Menopause As A Positive Transition

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Menopause, often portrayed as a dreaded phase in a woman’s life, is a natural transition that marks the end of reproductive years. While it brings about various physical and emotional changes, it is essential to recognize that Menopause can also be viewed as a positive transition. Here, we shed light on the empowering aspects of Menopause and highlight the potential for personal growth, renewed vitality, and a deeper connection with self. By embracing this transformative journey, women can discover newfound freedom, wisdom, and a sense of liberation.

Understanding Menopause

 Menopause typically occurs in a woman’s late 40s to early 50s and is defined as the cessation of menstruation. It is caused by a decline in reproductive hormones, particularly estrogen and progesterone. While physical symptoms like hot flashes, night sweats, and irregular periods can be challenging, it is important to remember that Menopause signifies a significant shift in a woman’s life.

Embracing Self-Awareness and Personal Growth

 Menopause allows introspection and self-discovery. With the end of fertility, women can redirect their energy toward personal growth and self-care. It is a time to remember past achievements, reassess priorities, and explore new interests and passions. As hormonal fluctuations stabilize, women often experience increased clarity and emotional balance, allowing them to make more informed decisions about their lives.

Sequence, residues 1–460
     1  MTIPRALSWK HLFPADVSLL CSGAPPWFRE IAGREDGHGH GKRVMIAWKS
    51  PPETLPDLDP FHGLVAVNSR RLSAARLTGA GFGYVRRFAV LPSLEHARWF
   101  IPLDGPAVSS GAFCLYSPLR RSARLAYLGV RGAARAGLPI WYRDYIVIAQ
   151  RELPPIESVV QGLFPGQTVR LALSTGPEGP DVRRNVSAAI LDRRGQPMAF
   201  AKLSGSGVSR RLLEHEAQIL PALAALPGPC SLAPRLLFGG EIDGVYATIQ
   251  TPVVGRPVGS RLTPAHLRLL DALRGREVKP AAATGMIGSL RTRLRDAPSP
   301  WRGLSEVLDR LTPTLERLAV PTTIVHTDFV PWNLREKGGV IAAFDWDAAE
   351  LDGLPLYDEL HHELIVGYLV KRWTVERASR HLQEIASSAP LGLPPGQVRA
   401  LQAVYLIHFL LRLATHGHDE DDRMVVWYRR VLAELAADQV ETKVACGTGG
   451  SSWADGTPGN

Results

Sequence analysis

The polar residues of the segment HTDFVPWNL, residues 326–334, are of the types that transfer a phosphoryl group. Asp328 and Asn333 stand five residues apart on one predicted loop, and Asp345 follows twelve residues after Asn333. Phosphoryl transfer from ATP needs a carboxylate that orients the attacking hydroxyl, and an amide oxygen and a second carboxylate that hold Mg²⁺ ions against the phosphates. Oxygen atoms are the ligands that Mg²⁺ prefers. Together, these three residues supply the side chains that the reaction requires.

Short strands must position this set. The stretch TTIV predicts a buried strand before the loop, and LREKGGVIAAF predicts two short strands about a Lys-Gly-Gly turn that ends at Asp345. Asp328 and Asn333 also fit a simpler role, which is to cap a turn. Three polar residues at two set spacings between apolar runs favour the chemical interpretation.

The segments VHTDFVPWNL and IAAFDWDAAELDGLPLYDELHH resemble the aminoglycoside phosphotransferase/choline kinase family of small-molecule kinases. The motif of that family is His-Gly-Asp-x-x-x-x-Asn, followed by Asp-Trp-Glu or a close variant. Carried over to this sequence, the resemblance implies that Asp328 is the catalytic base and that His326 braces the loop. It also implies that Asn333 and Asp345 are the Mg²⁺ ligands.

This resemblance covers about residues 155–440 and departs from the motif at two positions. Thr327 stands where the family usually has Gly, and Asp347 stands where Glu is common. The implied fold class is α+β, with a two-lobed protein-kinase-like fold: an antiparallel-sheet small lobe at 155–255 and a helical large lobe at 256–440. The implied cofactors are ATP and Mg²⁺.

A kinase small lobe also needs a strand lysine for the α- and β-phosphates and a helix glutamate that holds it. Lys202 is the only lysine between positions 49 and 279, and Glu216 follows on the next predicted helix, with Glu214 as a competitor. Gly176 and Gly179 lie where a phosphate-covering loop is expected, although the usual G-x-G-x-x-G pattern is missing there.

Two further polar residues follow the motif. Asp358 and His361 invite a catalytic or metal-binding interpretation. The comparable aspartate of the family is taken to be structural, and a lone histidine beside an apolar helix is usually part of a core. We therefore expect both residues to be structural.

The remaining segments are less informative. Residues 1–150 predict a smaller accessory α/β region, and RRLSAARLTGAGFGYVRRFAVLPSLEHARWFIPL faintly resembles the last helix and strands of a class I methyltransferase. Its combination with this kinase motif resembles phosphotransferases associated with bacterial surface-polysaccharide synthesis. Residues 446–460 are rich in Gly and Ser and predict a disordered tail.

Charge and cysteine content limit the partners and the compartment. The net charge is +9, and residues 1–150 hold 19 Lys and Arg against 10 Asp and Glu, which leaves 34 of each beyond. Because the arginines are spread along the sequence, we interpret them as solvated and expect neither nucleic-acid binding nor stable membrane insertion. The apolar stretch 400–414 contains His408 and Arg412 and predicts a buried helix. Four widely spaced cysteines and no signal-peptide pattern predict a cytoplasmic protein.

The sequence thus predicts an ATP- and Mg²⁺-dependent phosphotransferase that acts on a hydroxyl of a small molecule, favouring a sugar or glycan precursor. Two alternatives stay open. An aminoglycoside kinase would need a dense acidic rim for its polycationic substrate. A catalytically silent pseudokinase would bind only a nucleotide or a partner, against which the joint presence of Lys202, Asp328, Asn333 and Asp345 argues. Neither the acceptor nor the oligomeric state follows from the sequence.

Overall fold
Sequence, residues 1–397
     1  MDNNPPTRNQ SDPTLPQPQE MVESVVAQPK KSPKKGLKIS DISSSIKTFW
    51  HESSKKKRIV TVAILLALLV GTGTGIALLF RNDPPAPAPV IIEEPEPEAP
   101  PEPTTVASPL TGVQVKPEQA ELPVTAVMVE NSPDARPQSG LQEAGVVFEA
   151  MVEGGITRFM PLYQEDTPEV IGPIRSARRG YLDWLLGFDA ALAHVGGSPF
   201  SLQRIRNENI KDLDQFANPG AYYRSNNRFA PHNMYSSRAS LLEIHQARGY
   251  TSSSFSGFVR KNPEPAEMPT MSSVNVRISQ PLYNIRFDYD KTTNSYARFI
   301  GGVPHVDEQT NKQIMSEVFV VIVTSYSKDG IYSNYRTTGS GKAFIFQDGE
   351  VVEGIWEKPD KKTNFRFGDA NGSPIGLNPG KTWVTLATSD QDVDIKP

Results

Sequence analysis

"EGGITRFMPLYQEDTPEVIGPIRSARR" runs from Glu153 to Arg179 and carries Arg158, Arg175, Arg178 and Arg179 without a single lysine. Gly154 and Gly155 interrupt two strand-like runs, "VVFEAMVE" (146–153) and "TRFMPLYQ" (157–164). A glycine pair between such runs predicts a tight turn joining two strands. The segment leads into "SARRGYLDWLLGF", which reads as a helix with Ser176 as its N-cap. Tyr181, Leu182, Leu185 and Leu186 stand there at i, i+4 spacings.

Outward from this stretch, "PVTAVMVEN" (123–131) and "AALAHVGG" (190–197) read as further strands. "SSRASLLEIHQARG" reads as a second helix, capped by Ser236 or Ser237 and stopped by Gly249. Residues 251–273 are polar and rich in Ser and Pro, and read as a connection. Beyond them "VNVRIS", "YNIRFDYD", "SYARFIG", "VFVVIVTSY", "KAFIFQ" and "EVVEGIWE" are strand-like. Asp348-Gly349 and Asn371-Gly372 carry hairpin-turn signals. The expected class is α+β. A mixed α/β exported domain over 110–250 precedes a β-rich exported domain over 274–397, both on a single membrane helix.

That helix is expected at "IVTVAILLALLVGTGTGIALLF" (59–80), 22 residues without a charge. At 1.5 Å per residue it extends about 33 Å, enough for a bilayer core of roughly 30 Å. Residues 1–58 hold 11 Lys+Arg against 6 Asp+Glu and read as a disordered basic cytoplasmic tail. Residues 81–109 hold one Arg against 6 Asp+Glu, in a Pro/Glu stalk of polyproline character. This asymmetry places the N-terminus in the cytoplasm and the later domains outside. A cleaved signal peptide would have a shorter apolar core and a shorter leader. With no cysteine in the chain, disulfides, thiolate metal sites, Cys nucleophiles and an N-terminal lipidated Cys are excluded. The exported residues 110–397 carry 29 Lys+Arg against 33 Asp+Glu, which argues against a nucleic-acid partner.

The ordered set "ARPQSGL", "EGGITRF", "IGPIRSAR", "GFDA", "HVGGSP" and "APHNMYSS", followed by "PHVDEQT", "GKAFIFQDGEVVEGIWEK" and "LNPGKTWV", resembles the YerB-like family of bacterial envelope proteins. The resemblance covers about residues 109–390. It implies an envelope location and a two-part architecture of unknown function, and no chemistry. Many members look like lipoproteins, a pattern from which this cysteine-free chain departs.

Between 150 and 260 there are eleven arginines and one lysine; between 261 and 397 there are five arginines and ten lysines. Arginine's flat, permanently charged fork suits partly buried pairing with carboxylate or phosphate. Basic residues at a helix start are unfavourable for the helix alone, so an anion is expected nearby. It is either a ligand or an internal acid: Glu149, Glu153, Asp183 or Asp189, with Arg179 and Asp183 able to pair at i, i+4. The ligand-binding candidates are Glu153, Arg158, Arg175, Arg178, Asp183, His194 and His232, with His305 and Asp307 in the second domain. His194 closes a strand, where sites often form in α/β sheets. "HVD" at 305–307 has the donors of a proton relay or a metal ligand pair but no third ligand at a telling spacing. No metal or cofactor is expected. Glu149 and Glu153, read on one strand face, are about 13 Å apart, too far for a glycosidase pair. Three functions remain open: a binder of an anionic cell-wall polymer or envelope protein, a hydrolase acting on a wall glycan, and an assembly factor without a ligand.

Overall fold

Moreover, Menopause fosters a deeper connection with one’s body. By understanding the changes occurring within, women can develop a stronger bond with themselves. This newfound self-awareness paves the way for improved self-esteem, self-acceptance, and well-being.

Liberation from Societal Expectations

Menopause signals a break from societal expectations and stereotypes associated with youth and fertility. Women can liberate themselves from the pressure to conform to conventional beauty standards or the desire to bear children. This transition allows women to redefine their identity, embracing their authentic selves and focusing on personal fulfillment rather than external validation.

Menopause also brings a sense of freedom from the monthly cycle and the limitations it can impose on daily life. No longer bound by menstruation, women can pursue activities and experiences without concerns about interruptions. This newfound freedom allows for a renewed focus on career advancement, travel, and personal growth.

Wisdom and Emotional Well-being

 A deepening sense of wisdom and emotional well-being often accompanies Menopause. With life experience and a more profound understanding of oneself, women can navigate challenges with resilience and grace. The transition through Menopause can bring a heightened sense of empathy, self-compassion, and a renewed perspective on life.

Additionally, Menopause allows women to shed societal expectations and prioritize their emotional needs. It is a time to engage in self-care practices such as meditation, mindfulness, and nurturing relationships. Emotional growth during Menopause can lead to stronger connections with loved ones and a greater appreciation for life’s joys.

 Menopause, despite its reputation for being a challenging phase, offers a positive transition for women. By reframing Menopause as an opportunity for personal growth, self-awareness, liberation, and wisdom, women can embrace this transformative journey with optimism and enthusiasm. It is crucial to encourage open conversations and support systems that enable women to navigate Menopause gracefully and confidently. Menopause marks a new chapter in a woman’s life, filled with possibilities and the potential for a more fulfilling and empowered future.